I've been quietly plugging away on a project for months, and I just wanted to share some of my photos of the process, before I forget.
In design school, our professors taught us that the process is just as important as the final product. Quite possibly more important. We didn't show a final project without showing our entire process. THE PROCESS, they kept saying. We were taught to draft several concepts and preliminary designs, and then draft a few more, and then they'd ever-so-kindly insult our choices and help us learn to weed out the strongest ideas for further development. Then we'd work on visual solutions and reasons behind our design decisions; everything had to have a reason. Why black and white? Why did we choose that typeface? Why did we use a grid? And everything that followed was the work. The production and the execution; the blood, sweat and tears. I've applied this knowledge to projects I've done as a freelance graphic designer ever since.
This is also how I wrote a book.
The process began with me hurriedly writing down scattered thoughts and ideas and tiny ink pen sketches in my notebook. And then crossing things out. And making lots and lots of lists. And more sketches. And crossing out the sketches.
Then came the knitting of many swatches and garments. Over and over again to test out new ideas and to get things just right. It was a bit exhausting. I threw my knitting a few times.
Knitting in the car, on a plane. Knitting until 3:00 in the morning.
I would knit in the back yard. And on the edge of my kids' beds while they fell asleep. Many rows were completed while I sat in the after-school pick-up line outside of my daughter's school.
It took so much longer than I thought it would, but I had to allow my ideas, time and energy to ebb and flow. We are all human. No one has great ideas on demand. There were times this project seemed silly. There were days I wanted to set everything aside. But I wouldn't and couldn't let myself quit.
Row by row, one experimental garment at a time, I slowly built a collection. And of course, not every idea or knitted sample made it to the final cut.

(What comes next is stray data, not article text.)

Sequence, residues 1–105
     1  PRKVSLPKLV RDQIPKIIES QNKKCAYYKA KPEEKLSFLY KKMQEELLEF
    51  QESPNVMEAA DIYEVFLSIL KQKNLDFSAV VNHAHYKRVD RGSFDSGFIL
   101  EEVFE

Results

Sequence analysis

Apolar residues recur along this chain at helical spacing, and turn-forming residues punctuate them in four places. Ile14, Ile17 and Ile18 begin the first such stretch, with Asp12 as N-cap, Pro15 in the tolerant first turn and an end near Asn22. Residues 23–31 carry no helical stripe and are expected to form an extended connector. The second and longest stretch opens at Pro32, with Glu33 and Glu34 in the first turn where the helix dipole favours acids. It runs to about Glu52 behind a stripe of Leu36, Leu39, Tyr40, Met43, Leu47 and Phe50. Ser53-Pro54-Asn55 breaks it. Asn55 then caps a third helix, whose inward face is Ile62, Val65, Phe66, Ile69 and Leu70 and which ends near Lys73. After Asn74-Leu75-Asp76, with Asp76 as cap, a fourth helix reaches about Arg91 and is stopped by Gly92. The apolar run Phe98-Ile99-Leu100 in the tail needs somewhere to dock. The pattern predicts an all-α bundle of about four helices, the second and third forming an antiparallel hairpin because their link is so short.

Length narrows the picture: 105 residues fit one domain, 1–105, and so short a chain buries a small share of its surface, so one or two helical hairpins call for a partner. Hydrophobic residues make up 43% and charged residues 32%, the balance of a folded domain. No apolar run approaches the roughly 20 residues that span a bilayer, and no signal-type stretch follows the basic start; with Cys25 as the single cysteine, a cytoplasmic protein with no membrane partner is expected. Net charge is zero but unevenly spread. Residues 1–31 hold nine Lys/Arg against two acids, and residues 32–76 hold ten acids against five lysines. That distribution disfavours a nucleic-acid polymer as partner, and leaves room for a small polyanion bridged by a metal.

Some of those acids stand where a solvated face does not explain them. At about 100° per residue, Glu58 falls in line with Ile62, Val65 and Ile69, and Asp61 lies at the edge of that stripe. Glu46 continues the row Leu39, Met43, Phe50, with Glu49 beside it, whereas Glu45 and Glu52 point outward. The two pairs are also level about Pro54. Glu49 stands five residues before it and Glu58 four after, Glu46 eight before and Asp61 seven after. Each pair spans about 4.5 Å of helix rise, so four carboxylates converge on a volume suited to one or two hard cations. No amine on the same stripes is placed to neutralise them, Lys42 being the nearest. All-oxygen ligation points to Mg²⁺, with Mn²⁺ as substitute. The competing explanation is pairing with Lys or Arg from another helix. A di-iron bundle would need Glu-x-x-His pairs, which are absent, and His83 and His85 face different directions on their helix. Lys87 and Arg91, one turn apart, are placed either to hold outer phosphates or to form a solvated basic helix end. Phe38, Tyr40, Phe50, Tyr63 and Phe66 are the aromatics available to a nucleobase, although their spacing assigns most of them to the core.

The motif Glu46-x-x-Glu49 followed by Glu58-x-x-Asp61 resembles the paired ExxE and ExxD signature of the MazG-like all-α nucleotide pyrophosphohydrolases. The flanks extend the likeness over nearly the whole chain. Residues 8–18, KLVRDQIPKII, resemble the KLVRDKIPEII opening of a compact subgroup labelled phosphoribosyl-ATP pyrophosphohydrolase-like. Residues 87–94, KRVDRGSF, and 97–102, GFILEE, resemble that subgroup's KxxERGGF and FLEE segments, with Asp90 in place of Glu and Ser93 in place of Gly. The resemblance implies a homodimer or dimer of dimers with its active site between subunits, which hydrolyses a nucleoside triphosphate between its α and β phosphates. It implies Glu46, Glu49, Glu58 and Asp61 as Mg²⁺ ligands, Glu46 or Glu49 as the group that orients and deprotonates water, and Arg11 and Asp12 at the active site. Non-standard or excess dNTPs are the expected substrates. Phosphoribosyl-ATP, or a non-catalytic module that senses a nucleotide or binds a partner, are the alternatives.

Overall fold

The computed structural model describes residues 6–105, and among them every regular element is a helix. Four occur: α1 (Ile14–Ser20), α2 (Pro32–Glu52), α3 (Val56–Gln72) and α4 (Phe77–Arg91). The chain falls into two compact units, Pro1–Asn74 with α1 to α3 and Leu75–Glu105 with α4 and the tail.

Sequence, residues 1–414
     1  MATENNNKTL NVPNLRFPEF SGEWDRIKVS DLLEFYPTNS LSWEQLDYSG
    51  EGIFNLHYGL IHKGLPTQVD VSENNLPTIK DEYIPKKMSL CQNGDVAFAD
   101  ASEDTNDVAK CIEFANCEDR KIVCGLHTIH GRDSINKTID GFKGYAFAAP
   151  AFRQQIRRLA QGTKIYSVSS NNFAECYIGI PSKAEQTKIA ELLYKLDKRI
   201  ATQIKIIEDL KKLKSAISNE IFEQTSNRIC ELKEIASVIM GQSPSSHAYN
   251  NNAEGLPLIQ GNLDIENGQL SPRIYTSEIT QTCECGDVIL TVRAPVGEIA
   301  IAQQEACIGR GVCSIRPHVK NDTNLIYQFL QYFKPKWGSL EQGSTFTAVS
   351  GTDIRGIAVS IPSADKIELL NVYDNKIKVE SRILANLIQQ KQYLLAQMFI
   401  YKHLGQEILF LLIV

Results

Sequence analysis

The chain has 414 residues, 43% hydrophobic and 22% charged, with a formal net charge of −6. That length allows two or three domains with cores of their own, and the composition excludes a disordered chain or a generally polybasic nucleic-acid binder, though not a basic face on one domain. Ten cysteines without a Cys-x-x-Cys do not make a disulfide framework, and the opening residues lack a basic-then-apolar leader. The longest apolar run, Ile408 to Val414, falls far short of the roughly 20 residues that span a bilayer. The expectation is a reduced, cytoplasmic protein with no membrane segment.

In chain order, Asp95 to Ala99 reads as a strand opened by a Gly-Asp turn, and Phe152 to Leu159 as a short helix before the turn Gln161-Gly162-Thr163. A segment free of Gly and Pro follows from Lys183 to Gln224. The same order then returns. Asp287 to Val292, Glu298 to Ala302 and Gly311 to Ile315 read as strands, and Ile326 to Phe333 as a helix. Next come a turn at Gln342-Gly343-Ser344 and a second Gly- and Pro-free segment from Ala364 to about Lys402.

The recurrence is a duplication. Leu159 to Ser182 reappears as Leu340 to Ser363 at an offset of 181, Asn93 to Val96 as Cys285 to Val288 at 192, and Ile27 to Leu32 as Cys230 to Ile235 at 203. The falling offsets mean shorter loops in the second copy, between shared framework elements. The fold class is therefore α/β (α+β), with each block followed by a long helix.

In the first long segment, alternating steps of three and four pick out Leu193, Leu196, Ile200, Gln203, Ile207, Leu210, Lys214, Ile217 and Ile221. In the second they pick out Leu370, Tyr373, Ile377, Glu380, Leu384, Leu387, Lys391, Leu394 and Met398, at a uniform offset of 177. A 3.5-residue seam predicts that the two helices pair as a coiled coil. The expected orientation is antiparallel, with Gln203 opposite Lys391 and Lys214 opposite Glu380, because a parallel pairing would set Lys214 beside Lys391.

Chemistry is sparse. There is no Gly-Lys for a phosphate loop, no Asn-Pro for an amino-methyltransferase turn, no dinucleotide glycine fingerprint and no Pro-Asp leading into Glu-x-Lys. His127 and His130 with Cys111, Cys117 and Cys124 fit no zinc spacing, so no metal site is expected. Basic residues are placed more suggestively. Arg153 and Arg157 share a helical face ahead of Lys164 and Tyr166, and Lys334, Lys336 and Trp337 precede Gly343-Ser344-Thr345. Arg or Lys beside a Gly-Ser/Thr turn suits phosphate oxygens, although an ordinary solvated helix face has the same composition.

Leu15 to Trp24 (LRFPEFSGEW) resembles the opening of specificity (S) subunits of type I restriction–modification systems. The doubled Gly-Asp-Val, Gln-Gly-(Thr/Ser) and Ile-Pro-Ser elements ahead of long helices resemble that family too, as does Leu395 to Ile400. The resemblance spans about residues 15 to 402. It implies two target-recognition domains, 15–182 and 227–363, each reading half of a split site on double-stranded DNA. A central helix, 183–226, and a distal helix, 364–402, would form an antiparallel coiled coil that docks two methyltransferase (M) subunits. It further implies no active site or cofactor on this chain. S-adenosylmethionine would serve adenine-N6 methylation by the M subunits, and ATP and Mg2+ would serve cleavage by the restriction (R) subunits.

But the ones that made it earned their place. They belong.
The process sounds mundane, but it wasn't. I set a deadline and finished all of the pattern writing and sample knitting over the summer. There was so much trial and error – and sometimes heartbreak – but I loved every minute of the process. It was mine.
Then came the photo shoots. I kind of died over the photo shoots. It was such a thrill. I put together an accidental dream team of friends and acquaintances who took my Rubbermaid bin of hand-knits and turned them into living, breathing art. It was nuts.
And the rest has been that whole production and the execution thing. Choosing photos and putting together the layout. Writing out pattern notes and special techniques. Graphic design is just another thing I love, and once again, getting to do all of the design work on my own project is a very splendid thing.
I sent my final documents to print last night and I'll see my first proofs soon. In no time, I will have an actual book in my hand. So I guess this is it. I'm going to trust the weird little process I've laid down. It's a scary thing to get this far and have nowhere to go but hitting the 'print' button. But you're supposed to do the things that are scary, and I can't stop this train now. (I'll give you a heads up when I have that book in my hand.) <3